This week, we were asked to write about a normal day in our lives, except everyone in our families were vampires. I scored well with the judges, but I did not have enough votes to save me. Fortunately, I had immunity this week, and I’m one of the top 5! I’ll definitely need more votes next week to keep me going.
This is a difficult post to write because I am about to disclose something very personal–very private–to you, my loyal readers. But it is my hope that this will reach others who may be hiding their own uniqueness for fear of being the pariahs of society. If my struggle will help others, and if I can shed some light onto the subject, this post will be worth it. My family and I are…
For centuries my kind have been sought after and destroyed out of fear. But it all boils down to one thing: misunderstanding. So please continue reading as I try to show you that our lives are not much different than your own.
Ever wonder why I’m so pale? I chalk it up to my English/Irish decent. In extreme cases, I tell people I have severe photo sensitivity, which technically isn’t untrue. I generally wear long sleeves and a hat to get to work, and my car windows are heavily tinted. I wear lots of sunblock, which is a nightmare in itself. I hate the way it feels all goopy on my skin. Plus, have you ever tried to find SPF 500? Please. (I recommend zinc oxide paste.) It’s even worse on the kids with school. They all have notes on file that they’re not allowed to play outside for recess. It’s heartbreaking, really. My job suits me, though, because I work in an office within an office and there are absolutely no windows. I have perpetual Seasonal Affective Disorder, but what can you do?
The kids can be ruthless. They’re 7, 6 and 4. They’re always vamping out and hissing at each other and stuff. I can’t count how many times I’ve had to put one of them into time out because of biting. Ridiculous.
Probably the trickiest part is all of us staying on the same schedule. It would be so much easier to slip into a pattern of sleeping during the day, but school and work make that difficult. Karin is really tempted to take more of a night shift cycle, but being the stay-at-home parent, she sucks it up and goes to bed with me at night. Such a great partner.
On the upside, as it turns out, blood is exceedingly delicious. Orgasmic, almost. It’s indescribable. But don’t worry; we get around the whole people-killing thing. I’d be curious to find out, though, what other suggestions my readers might have for maintaining a blood supply. We keep a back-up of bovine blood in the basement freezer, but we also have a sort of deal going on with a local hospital. That’s all I can really say about that, though.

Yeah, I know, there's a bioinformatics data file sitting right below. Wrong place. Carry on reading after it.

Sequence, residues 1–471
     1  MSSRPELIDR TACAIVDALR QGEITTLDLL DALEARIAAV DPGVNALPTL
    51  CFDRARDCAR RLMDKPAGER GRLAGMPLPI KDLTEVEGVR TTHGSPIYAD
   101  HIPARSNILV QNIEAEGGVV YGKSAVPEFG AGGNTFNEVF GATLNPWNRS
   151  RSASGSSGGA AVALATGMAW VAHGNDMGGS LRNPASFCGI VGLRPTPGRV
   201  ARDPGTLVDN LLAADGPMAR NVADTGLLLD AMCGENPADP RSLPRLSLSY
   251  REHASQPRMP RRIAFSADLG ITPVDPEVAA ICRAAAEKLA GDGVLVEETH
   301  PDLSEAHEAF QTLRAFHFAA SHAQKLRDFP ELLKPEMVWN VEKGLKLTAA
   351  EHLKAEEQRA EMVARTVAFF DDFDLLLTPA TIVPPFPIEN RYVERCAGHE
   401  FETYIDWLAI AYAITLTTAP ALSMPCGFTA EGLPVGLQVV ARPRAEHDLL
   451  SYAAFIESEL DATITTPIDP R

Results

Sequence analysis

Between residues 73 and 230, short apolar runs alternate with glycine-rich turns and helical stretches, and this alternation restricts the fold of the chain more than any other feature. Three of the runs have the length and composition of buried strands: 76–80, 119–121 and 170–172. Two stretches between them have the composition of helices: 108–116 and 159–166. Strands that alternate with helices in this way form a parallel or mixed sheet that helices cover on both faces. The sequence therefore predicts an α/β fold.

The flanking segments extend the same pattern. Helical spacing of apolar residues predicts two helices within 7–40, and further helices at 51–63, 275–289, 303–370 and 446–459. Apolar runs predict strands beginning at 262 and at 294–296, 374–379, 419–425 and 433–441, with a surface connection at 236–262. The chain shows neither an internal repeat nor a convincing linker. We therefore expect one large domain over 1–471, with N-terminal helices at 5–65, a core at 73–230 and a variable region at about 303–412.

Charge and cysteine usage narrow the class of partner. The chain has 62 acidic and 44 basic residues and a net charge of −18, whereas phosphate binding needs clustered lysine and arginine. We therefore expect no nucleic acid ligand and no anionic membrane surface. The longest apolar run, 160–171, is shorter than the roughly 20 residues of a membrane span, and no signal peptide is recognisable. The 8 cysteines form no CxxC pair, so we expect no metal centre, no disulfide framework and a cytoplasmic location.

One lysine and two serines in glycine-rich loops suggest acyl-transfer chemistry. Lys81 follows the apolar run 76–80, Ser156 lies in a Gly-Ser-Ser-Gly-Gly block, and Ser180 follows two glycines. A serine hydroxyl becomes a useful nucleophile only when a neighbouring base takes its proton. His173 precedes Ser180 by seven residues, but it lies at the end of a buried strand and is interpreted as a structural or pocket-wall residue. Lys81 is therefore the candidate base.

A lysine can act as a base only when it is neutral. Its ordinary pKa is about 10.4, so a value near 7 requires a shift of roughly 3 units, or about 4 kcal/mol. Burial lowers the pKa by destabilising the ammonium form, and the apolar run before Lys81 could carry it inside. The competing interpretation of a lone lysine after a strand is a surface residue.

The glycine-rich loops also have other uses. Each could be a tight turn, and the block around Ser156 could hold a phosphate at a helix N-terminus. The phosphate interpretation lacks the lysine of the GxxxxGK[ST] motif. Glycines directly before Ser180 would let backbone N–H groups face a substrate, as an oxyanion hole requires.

Grown-up time is also pretty special in my home. Once the kids are in bed… Holla!
So there you have it. My life isn’t so very different. We just have to make a few accommodations. I hope I’ve made an impact. With more understanding comes greater acceptance, and that’s just good for everyone.
Chris, from the bungalow (https://fromthebungalow.wordpress.com/)
“I like that you took a very practical, almost PSA, take on this subject. It was lighthearted but sincere. I would have like to have seen a little more detail or anecdotal stories of how you deal with every day challenges, and perhaps a few “perks” you get from the uniqueness of your situation but you covered the major vamp-related stereotypes well.”
Random Girl, from Random Girl Blog
“I like the way this post is styled. Like Random Girl, I would like to have seen maybe more of a “day in the life” style, but still, a very well done post.”
The Dude, from The DaddyYo Blog
“I like this. It was clear and concise, with just the right amount of humor thrown in to keep it light. As Random Girl said, almost a PSA approach. I think you definitely nailed the assignment. Good job! ”
Amy, from Non-Stop Mom